During a week that was consumed by Democrat-led spending initiatives, on Friday I passed legislation that is estimated to save Illinois small businesses and not-for-profits millions of dollars in electronic filing fees. HB 3514 would amend state law to end the practice of charging “expedited service fees” of $25, $50, or more on every electronic filing with the Secretary of State’s office.

Our current law treats every e-filing with the Secretary of State’s office as an expensive ‘expedited service,’ regardless of whether the filing requires expedited handling. By making e-filing free, we will save our small businesses and non-profits millions of dollars and encourage greater use of electronic filing over filing by paper mail. Electronic filing reduces errors, saves paper, and saves money. As such, those who conduct business in this state should be encouraged to e-file. They certainly should not be charged extra fees to electronically file, over and above what they would be charged if they filed in person at the Secretary of State’s office. The House vote on my HB 3514 was unanimous.

Breen Bill that Addresses Penalties for Aggravated DUIs Receives Unanimous House Approval
Last week I received unanimous House approval on legislation that ensures consistency in sentencing when an individual is found guilty of driving on a suspended or revoked driver’s license, if driving privileges were suspended or revoked for committing aggravated Driving Under the Influence (DUI) resulting in a death or for committing reckless homicide.

Believe it or not, today there are cases where an individual caught driving on a suspended license when the license was suspended due to an aggravated DUI (killing someone while driving drunk) are receiving lesser sentences than those who are driving on a suspended license due to a reckless homicide (careless driving that results in a death). It’s an issue of equity and fairness. Those who ignore a license suspension or revocation after killing someone while driving drunk should, at a minimum, face the same penalty as an individual in a similar situation who committed reckless homicide.

I’m proud of the wide, bipartisan sponsorship of HB 3084, which brings into accord our statutes in cases where someone is caught driving on a suspended license that was the result of causing a death. It’s common sense legislation that cleans up our statutes. DuPage County State’s Attorney Bob Berlin brought the need for the bill to my attention and it was my pleasure to work with him on it. The bill will now move to the Senate for consideration, where Senator Michael Connelly (R-Naperville) will carry the bill on my behalf.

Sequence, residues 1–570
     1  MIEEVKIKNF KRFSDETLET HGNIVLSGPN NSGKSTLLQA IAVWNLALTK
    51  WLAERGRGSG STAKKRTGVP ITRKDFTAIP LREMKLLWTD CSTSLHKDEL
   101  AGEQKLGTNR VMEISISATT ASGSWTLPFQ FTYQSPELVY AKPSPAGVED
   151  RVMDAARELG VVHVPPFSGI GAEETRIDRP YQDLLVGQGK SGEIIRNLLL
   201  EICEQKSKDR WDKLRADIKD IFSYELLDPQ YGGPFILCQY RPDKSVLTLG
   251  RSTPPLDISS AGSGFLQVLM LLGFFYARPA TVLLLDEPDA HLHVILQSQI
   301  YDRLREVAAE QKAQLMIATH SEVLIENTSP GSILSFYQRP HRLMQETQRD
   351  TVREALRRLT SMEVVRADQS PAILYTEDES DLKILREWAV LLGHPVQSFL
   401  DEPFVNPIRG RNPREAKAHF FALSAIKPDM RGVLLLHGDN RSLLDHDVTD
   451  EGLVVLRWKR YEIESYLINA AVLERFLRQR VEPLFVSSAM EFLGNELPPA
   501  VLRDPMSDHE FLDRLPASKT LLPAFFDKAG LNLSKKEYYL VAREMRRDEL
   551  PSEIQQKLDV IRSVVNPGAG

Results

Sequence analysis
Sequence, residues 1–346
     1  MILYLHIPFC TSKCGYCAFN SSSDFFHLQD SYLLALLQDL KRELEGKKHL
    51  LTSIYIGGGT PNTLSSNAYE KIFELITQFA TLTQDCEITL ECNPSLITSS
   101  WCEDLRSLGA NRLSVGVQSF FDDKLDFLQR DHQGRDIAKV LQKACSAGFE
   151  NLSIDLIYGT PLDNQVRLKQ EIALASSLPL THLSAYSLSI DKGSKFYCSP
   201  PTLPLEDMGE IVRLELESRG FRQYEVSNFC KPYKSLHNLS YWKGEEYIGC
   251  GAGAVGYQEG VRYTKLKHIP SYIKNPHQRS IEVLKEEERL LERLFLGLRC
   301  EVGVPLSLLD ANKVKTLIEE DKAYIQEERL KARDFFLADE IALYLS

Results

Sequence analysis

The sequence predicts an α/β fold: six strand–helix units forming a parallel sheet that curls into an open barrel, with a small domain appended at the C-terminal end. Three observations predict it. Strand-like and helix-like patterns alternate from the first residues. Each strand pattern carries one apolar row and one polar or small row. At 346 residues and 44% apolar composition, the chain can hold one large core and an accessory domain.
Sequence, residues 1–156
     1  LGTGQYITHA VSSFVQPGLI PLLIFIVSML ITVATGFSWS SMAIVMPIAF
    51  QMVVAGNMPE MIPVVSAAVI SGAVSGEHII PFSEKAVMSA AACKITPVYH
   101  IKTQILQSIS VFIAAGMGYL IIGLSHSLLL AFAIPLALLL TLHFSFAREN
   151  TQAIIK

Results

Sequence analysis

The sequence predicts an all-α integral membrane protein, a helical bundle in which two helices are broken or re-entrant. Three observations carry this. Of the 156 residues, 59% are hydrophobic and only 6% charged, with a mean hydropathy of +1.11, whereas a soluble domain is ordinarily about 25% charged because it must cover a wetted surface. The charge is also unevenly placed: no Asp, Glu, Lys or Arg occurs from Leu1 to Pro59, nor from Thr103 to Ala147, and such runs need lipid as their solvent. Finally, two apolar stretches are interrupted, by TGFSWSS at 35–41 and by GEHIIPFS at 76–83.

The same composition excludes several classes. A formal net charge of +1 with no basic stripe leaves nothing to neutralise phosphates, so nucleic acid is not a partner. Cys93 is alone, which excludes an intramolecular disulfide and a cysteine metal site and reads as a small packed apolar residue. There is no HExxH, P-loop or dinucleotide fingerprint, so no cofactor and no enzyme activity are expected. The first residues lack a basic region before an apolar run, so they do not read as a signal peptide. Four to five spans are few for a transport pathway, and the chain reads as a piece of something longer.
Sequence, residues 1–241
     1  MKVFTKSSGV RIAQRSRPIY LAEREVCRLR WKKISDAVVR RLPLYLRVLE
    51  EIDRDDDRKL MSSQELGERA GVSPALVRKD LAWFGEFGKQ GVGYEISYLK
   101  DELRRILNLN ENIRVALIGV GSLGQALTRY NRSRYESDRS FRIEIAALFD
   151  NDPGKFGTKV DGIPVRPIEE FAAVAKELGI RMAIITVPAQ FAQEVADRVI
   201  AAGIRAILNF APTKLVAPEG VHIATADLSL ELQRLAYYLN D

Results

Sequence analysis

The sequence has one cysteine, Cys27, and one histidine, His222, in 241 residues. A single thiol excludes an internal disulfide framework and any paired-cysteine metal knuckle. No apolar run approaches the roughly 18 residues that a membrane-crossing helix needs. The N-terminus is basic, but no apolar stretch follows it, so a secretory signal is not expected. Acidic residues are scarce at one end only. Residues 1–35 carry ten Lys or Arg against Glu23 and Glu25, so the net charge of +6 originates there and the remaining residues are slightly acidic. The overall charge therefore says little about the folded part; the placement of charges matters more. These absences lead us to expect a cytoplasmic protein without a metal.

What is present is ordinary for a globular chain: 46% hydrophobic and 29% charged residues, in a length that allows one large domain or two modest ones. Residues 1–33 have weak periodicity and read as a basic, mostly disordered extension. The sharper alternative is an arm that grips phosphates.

Rep. Peter Breen Files Legislation to Protect Airline Passengers from Involuntary Removal from Airplanes
When passengers take their seat on an airplane, they are entrusting our nation’s commercial airlines to deliver them safely to their destination. In response to the recent incident at O’Hare International Airport when a ticketed and seated passenger was forcibly removed from an overbooked flight, I filed legislation that would prohibit that type of scenario from ever playing out again on an airplane parked at an Illinois airport.

HB 4034, filed April 14 Springfield, would create the Airline Passenger Protection Act. The Act would prohibit the involuntary removal by force of any properly ticketed and seated airline passenger unless the passenger disturbs the peace, is perceived as a danger to him/herself or others, or in the case of a public emergency. The bill also prohibits the filing of criminal charges against a passenger who refuses to yield a properly ticketed seat. HB 4034 also includes a provision that would allow those who file suit against an airline for being forcibly removed from a flight without cause to be entitled to attorney’s fees and costs from the airline if the passenger prevails in the suit.

Fake Workers’ Compensation Reform Bill Does Nothing to Fix Failing Workers’ Compensation System
Despite the fact that Illinois currently has over 300 entities already providing workers’ compensation policies in our state, House Democrats pushed through a terrible bill on Thursday that would put the State of Illinois in the workers’ compensation insurance businesses. HB 2622 would also put the taxpayers of Illinois on the hook for a $10 million loan for the creation of the new workers’ compensation insurance company.

The bill sponsor presented no business plan and no information for how they would seek paying clients, yet we were asked to blindly support the measure. Our state’s inability to work within a balanced budget is well documented. There is absolutely nothing that would indicate that this $10 million investment would deliver the returns promised by the sponsor. In my opinion, it was simply another ‘gotcha’ vote orchestrated by House Democrats who wanted to return to their legislative districts this week and say they voted for workers’ compensation reform.

HB 2622 is a fake reform measure that will look good in political mailings and newsletters, but will do nothing at all to reduce workers’ compensation costs in Illinois.

We need real workers’ compensation reform in our state to curb fraud and abuse of the system. Illinois employers pay $2.23 per $100 of payroll, making us the most expensive state in the Midwest for worker’s compensation costs. If we want to stop businesses from leaving our state, we need to provide them with real relief—not fake, irresponsible, do-nothing laws that ignore the true problems with the current system.